KQTH has also scrapped its tagline. Gone is "Tucson's News/Talk FM," which McCredden described as "generic" in an internal memo. That seemed like a perfectly acceptable tagline until KNST started simulcasting its product at 97.1 FM. So now there are two Tucson talk FMs, and I guess that could be confusing for lucky residents with ratings books.

The new tagline is "104.1 The Truth, Right Talk for Tucson." That might read OK, but it sounds kind of bulky when you say it. And after all, there is a lot of "saying" in radio; it's sort of the point of the medium. But they did an excellent job of getting "right" in the tagline somewhere. That's very important for conservative talk stations, because, you see, "right" has a double meaning.

This could be one of the most-important reasons liberal talk often struggles by comparison. What can you really say with the phrase "left" in your tagline? "Left talk for Tucson?" What does that get you? It certainly doesn't mean you're "right." It's probably the reason liberals invented that "progressive" catchphrase, hoping they could make headway with some niche terminology, because conservatives have the inside track on that whole double-meaning marketing advantage.


FIRST UA PAC-12 NETWORK BROADCAST GOES WELL

A lot of folks missed out on the UA football team's impressive upset of Oklahoma State on Saturday night, Sept. 8. Beyond the late-game/time-zone issue, many weren't able to see the matchup because the Pac-12 Networks continue to need to work out deals with some major television providers, especially on the satellite front. The DirecTV holdout remains a significant issue.

But in terms of broadcast delivery and production performance, the game came across well and was a definite improvement over conference games broadcast on Fox Sports.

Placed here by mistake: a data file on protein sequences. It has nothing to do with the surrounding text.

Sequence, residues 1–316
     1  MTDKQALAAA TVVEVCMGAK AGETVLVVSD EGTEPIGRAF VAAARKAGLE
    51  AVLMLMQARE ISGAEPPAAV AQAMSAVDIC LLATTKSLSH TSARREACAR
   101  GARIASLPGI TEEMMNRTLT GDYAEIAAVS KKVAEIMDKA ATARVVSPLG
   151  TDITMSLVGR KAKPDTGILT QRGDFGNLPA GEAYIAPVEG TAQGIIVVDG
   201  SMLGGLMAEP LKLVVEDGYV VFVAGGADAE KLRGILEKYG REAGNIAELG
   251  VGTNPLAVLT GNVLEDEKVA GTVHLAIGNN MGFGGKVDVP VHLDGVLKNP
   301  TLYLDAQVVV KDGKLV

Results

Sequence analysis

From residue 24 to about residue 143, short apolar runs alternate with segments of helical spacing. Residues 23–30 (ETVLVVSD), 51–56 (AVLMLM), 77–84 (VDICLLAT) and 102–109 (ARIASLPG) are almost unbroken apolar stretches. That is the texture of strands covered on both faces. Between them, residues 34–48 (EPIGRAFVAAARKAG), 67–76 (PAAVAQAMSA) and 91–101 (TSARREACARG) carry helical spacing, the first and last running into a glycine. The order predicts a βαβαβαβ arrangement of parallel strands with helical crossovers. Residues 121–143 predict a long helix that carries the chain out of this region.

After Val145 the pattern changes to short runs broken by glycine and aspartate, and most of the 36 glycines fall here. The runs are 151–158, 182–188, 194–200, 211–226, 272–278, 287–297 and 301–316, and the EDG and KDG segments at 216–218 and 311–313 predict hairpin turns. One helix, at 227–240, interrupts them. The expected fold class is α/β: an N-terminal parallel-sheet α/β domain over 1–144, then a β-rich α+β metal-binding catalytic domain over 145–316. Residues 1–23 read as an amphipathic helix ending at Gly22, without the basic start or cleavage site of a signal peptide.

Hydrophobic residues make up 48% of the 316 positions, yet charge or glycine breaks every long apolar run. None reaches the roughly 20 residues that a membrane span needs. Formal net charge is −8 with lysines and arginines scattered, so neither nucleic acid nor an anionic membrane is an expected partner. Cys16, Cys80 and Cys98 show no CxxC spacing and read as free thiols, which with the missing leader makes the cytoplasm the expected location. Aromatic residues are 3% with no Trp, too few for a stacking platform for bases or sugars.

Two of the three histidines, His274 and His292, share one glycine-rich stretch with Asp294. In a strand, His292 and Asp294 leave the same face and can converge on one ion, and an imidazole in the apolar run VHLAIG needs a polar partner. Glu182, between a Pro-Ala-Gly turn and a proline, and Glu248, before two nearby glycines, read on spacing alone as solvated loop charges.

Among the positives: better camera work; better turnaround time for highlights; and the high-definition appearance on cable outlets. Fox Sports was terrible about being a play behind in its highlights packages, and the Pac-12 broadcast eliminated that issue. But that's not going to be an easy task for the producer of UA games, because Arizona implements a no-huddle offense under new coach Rich Rodriguez. But it's there when time allows, and that's a definite positive step. And the camera crew was excellent.

On the glitch front, however, play-by-play announcer Kevin Calabro flat-out missed some important calls. That could have happened due to a number of reasons: poor spotters, a bad television feed (announcers will often watch a game on an in-booth monitor instead of watching what's on the field), an unfavorable vantage point for looking at the field, or bad eyes.

As convenient as it can be to complain about a big dog like ESPN, it's also easier to appreciate what an established network can do—to the point where it's taken for granted. The Pac-12 Networks have a way to go—and I'm in absolutely no hurry to see more field-hockey promos as they scour for advertising—but their UA debut went well.

More by John Schuster